German intelligence agencies allege the IZH is directly controlled by Tehran. Underscoring the IZH’s linkages to Iran, the IZH’s imam and director since 2002 is Ayatollah Reza Ramezani, who German intelligence has labelled Supreme Leader Khamenei’s deputy in Europe and who in 2006 was elected to Iran’s Assembly of Experts, the deliberative body tasked with electing and overseeing the Supreme Leader.
Each year, Hezbollah members and supporters gather publicly in Berlin for the annual Al Quds Day march, a global initiative of the Iranian regime initiated by Ayatollah Khomeini dedicated to Israel’s destruction. The IZH is involved in the organization of the march, and funds buses of pro-Hezbollah, pro-Iranian regime activists to the event from the Imam Ali mosque in Hamburg, which the IZH operates. Prominent displays of Hezbollah flags and posters of Shia and “resistance axis” leaders, such as Ayatollahs Khomeini and Khamenei, Hassan Nasrallah, and Bashar al-Assad have been a fixture at the Quds Day rallies, although in 2016, the Berlin State Senate agreed to ban Hezbollah flags at the gathering going forward.
Despite the IZH’s Iranian and Hezbollah’s links, federal and municipal bodies have played a role in legitimizing the organization in Germany. In November 2012, Hamburg entered into a partnership treaty with the regional shura, an umbrella council of Islamic associations which includes the IZH, making the IZH a partner of the city of Hamburg. In May 2017, the German Foreign Office held a conference on the “Responsibility of Religions for Peace” and invited several Muslim clerics with ties to Iran. Among them was Hamidreza Torabi, the chairman of the “Islamic Academy of Germany” which falls under the IZH umbrella. During the 2016 Quds Day march, Torabi carried a poster calling for the destruction of Israel.
The “Islamic Community of Shiite Communities in Germany (IGS)” is another problematic pro-Iranian NGO in the IZH constellation. IZH Director Ayatollah Ramezani chairs the IGS “Scholar’s Council.” Although the German federal government classified the IGS as “extremist influenced,” the EU’s Internal Security Fund is set to fund the IGS, channeling the money through Germany’s Federal Criminal Police Office (BKA), to the tune of over 283,000 Euros through the end of 2019. Ironically, the funds are earmarked for “extremism prevention” and “deradicalization.” Additionally, the IGS received over 18,000 Euros from the German Ministry of Family, Senior Citizens, Women and Youth in 2017. In July 2017, the Ministry supported a workshop organized by IGS and conducted by the Al-Mustafa Institute of Berlin, which is affiliated with Al-Mustafa University, Iran’s global network of seminaries and Islamic colleges which trains the next generation of Khomeinist clerics and missionaries.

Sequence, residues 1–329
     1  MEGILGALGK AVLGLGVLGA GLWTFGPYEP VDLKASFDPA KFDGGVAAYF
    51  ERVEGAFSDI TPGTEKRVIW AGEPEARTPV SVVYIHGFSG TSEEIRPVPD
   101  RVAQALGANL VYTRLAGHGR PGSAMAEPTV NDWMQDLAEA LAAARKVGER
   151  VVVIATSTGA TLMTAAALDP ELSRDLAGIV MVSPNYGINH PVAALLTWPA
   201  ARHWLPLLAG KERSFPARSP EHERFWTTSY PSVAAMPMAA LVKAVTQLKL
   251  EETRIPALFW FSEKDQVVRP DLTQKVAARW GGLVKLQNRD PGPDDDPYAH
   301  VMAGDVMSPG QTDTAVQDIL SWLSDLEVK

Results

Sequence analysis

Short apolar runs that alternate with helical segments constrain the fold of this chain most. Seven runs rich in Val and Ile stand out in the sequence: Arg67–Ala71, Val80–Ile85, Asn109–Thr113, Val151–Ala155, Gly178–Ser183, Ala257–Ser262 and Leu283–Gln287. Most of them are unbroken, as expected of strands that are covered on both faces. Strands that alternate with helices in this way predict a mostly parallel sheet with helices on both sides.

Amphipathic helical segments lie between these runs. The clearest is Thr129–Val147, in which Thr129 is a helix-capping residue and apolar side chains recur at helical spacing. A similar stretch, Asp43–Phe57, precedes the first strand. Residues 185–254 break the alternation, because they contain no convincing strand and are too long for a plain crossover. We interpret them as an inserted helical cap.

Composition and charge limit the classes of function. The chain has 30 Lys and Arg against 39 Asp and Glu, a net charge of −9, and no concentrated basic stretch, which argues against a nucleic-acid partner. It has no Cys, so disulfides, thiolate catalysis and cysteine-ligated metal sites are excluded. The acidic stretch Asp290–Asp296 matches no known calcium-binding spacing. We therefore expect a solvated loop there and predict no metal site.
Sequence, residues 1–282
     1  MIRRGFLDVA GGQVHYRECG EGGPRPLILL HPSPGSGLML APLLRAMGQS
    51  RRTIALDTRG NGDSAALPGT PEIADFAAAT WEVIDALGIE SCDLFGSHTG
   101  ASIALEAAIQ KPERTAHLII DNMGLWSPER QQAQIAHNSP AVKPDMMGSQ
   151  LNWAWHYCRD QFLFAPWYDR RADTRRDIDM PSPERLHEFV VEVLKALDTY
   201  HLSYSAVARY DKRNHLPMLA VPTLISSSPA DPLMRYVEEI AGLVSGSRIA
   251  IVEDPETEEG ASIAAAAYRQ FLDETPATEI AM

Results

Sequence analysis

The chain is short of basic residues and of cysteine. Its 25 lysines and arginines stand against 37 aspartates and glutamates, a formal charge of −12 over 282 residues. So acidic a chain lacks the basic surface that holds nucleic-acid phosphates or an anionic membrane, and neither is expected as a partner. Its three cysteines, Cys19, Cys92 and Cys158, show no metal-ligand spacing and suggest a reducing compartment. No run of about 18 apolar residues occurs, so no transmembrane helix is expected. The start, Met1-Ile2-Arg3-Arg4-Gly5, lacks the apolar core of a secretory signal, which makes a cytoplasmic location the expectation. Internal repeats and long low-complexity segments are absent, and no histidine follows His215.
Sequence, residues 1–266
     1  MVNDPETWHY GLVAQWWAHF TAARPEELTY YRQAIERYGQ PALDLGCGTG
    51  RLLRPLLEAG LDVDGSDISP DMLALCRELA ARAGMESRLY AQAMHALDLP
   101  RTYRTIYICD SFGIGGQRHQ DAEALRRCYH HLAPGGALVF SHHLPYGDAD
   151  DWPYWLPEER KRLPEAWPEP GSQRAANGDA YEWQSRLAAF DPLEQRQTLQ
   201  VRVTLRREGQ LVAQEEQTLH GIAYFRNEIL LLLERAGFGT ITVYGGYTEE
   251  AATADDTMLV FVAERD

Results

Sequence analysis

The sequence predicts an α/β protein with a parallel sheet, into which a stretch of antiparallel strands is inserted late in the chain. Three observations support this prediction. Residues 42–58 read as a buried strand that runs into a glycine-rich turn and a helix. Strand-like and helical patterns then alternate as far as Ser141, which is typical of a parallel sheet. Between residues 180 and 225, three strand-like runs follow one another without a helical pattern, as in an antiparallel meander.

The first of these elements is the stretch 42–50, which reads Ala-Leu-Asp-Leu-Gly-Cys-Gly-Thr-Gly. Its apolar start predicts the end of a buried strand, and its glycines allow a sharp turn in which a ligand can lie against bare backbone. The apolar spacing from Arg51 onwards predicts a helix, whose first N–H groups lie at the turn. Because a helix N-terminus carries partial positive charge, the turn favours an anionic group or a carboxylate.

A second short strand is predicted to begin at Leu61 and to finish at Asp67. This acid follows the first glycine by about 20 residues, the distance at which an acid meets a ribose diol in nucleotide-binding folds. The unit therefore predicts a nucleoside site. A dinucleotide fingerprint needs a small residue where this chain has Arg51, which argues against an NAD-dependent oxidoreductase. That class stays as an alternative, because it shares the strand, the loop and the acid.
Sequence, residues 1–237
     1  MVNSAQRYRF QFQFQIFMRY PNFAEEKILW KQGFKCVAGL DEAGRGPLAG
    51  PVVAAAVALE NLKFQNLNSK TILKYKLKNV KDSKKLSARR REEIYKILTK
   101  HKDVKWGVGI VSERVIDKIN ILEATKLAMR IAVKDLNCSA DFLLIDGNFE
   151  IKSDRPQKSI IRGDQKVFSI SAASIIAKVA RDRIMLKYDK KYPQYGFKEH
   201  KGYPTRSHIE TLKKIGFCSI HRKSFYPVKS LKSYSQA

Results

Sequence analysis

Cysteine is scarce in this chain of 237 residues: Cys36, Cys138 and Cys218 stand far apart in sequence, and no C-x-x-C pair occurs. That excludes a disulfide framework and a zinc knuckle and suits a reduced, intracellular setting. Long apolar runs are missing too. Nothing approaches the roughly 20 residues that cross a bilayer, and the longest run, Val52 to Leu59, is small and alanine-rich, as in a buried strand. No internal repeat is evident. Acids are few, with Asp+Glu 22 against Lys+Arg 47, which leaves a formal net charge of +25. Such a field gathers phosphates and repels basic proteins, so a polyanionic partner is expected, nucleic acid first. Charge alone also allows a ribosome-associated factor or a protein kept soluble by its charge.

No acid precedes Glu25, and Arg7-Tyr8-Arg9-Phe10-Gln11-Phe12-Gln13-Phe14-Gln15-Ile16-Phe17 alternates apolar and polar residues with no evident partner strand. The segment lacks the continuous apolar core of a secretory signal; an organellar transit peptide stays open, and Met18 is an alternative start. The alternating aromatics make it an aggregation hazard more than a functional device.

Although Germany and the EU have counterproductively legitimized and, in some cases, even subsidized pro-Iranian regime and pro-Hezbollah organizations in Germany, German authorities have moved to curtail Hezbollah’s fundraising activities since the 2013 EU designation of Hezbollah’s “military wing.” One crucial step was shutting down and freezing the assets of the deceptively named “Orphan’s Project Lebanon” following a raid on their headquarters in Lower Saxony in 2014. Germany allowed the Hezbollah-affiliated charity to operate and raise funds for years. A portion of the funds collected by the “Orphan’s Project”, totaling 3.3 million Euros between 2007 and 2013, were in turn contributed to Hezbollah’s al-Shahid (Martyrs) Foundation, “which finances the families of Hezbollah members who commit suicide bombings against Israelis and supports Hezbollah members.” The Orphan’s Project case demonstrates how even Hezbollah’s “legitimate” fundraising by the “political wing” often abetted terrorism.
The German government – along with local municipalities – have in other ways begun to appropriately address the threat. Back in 2018, the Jerusalem Post reported on a German intelligence file that exposed the Al-Mustafa Community Center in Bremen, Germany as a major hub for Hezbollah fundraising. The article quoted the intelligence report as saying the center supported Hezbollah “by collecting donations.” However, not until March 2022 did the local German government shutter the Bremen Al-Mustafa branch, saying that it “actively propagates and promotes violence or comparably serious acts contrary to international law such as terrorism against the State of Israel.” Germany also seems to have realized the problematic implications of distinguishing between a political and military wing of Hezbollah, for the government designated the group in its entirety as a terrorist organization in April 2020. That designation hindered the group’s ability to fundraise and organize on the European continent, which were essential to its terrorist operations across the globe.